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I’ve been geocaching for a long time – since November 2002 – but I can still remember some of my first geocache finds AND some of the mistakes I made early on. Here are 5 things I wish I knew when I first started geocaching!

Don’t go in a straight line to get to the cache

When I first started, I would look on my GPS, see the cache, see where I was, see the straight line between the 2 points and make a bee-line directly to get to the cache. Don’t do this!

Don’t try to get to the cache “as the crow flies”. You see, crows actually FLY. They don’t have to deal with bushes and rocks and trees and hills and cacti and poison oak and … you get the point. Here’s what you should do instead:

  • Stop. Think.
  • Plan ahead
  • Use satellite images
  • LOOK for established trails

Attend Events

When I was new to Geocaching I was a little hesitant to attend an event. I thought “I’m a newbie, what do I know?” Don’t worry about it and don’t let this stop you.

Geocachers are some of the friendliest people around.

Find a Geocaching event near you and show up. It might be at a pizza joint or a picnic at a park. Show up and you’ll probably be greeted warmly and handed a name tag to stick on. Even if you’ve only been caching for a short time, you’ll probably notice caching names from logs you’ve read. You’ll find it’s easy to start up conversations about shared cache experiences or get answers to questions about things you’d like to learn.

  • Make friends. You’ll  be surprised to find how many geocachers are in your local community.
  • Get contact info (text messaging). Find a prolific finder and ask if you can use them as a lifeline.
  • Get to know prolific hiders. They’ve been around a while and are a good conduit to the community.
  • Go out caching with them. Caching solo can be fun, but so can caching in a group. Ask to tag along. You’ll learn a lot!

Always have a pen / pencil on you

I learned this the hard way. Most veteran geocachers will have a similar story. You can learn from our mistakes. Carry a pen … always.

I was out on a run (exercise) and decided to check my smartphone to see if there were any caches nearby. There were. Several. When I got to the first cache I realized that I didn’t bring anything to write with. ARG!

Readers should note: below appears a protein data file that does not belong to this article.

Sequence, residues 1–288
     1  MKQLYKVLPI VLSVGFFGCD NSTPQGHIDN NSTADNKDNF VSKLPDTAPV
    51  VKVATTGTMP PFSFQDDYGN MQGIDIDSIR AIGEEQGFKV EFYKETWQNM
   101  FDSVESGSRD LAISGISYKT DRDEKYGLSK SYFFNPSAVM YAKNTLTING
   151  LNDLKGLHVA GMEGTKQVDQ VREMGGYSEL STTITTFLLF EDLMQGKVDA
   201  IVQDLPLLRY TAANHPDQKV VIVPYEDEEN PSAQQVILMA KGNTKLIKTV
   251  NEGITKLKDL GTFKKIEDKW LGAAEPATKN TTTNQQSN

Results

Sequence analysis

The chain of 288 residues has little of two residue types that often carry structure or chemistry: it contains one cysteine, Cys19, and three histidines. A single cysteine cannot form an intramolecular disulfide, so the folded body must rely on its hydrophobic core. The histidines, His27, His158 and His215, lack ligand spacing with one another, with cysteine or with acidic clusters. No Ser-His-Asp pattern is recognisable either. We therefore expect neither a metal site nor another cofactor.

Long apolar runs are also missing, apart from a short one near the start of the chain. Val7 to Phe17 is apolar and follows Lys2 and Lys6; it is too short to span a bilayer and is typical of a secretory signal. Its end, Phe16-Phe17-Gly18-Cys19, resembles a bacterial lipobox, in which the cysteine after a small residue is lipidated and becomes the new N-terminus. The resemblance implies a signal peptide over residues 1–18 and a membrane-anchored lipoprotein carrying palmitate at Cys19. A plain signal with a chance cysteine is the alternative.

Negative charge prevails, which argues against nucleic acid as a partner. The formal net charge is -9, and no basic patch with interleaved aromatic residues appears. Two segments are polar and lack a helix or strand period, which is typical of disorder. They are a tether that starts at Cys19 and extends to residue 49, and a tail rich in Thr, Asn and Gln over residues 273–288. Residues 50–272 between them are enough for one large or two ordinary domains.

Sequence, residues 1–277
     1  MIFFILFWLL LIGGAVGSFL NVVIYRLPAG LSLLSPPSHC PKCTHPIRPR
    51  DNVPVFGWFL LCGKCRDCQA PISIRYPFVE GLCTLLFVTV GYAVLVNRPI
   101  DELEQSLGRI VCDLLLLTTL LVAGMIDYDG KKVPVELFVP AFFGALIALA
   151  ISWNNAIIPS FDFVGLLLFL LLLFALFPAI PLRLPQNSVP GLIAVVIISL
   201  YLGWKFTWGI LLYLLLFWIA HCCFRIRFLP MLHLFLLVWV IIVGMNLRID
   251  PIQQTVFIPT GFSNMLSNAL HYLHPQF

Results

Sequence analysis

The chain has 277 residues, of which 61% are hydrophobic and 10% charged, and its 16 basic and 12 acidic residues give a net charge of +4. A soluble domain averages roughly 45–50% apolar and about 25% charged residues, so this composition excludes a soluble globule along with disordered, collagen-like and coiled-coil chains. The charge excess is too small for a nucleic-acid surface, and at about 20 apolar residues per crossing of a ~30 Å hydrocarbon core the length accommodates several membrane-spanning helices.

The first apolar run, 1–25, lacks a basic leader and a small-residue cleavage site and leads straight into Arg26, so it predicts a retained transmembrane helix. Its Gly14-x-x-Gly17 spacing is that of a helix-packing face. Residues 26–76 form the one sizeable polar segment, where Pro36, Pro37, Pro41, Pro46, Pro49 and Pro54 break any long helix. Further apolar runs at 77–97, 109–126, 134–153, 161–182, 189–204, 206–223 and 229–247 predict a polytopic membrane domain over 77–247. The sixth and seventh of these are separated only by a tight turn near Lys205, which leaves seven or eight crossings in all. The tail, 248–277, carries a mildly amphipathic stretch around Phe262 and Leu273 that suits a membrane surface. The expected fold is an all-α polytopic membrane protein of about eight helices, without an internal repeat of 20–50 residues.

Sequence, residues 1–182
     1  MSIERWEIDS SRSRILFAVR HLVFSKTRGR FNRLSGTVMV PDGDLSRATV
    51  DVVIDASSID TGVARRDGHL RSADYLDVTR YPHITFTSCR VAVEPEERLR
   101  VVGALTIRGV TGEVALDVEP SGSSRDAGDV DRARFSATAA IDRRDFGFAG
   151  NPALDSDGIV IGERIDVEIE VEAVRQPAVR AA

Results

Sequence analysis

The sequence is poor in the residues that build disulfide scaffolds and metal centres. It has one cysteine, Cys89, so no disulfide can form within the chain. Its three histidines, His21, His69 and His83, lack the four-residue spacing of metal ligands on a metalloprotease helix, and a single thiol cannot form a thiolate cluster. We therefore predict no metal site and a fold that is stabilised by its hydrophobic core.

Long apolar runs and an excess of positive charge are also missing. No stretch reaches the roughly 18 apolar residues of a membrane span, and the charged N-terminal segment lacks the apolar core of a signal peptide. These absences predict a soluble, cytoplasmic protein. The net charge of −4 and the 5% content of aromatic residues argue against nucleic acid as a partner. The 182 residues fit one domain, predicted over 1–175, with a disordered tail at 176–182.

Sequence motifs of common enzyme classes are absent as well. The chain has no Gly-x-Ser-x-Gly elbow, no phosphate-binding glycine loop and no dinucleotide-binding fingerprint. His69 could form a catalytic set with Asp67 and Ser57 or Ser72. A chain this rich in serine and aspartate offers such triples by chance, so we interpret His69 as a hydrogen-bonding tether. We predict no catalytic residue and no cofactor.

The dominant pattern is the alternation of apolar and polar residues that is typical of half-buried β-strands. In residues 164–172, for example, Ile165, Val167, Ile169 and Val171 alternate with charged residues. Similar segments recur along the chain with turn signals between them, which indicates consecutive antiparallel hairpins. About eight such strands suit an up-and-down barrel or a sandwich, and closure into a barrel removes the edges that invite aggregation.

Here are a couple of my favorite pens. Small and easy to carry around. I always have a pen on me now.

Fisher Trekker Space Pen

Bic 4 Color MINI pen

If you DO happen to visit a geocache without pen in hand, be sure to listen to Show 470 for some interesting alternative log-signing methods!

Check previous logs before you hunt

One of the main tips I give to a newbie is to look at logs that were written by others who have visited the cache. The main reason: to check for DNFs (Did Not Find). If you see a bunch of these logs, you can almost bet that the cache is not there and not worth hunting for.

Read the cache page. Interesting stuff there. The hider took the time to write it. You might miss out on the significance of the cache.

Join an Online Geocaching Community and participate

Geocaching is a worldwide hobby and there is a LOT to learn and experience out there. Don’t limit yourself to your local community (as great as that might be!). With the Internet, it’s easy to reach out and learn from a worldwide community of people who are just as passionate as you about Geocaching!

  • Visit forums
  • Join a facebook group
  • Listen to podcasts. The world famous PodCacher podcast is the best, oldest running, highest quality,variety-show style, family friendly podcast that you should be listening to!

Bonus Tip: When you get to GZ (ground zero), look with your eyes and think:

“If I were to hide a cache here, where would I put it?”

It sounds SO simple, but seriously: Stop and actively think this thought and you’ll be surprised at how often it’ll lead you to the hiding spot.

Most newbies get to GZ and just start looking everywhere. Lifting things up, looking under, behind, above. Eventually through multiple attempts, they eventually get to the cache … eventually. This has happened often, especially with newbies: I’m out caching with a small group, we get to within 10 feet of GZ. They start looking EVERYWHERE. I stand back, maybe 10 seconds, and just look … and think “Where would I hide it?” I go to the spot and nail the find within seconds.

What tips would you share with a Geocaching Newbie?

Share them in the comments below and you might hear your tip on a future PodCacher podcast show!

The post 5 things I wish I knew when I first started Geocaching appeared first on PodCacher: Geocaching Goodness.

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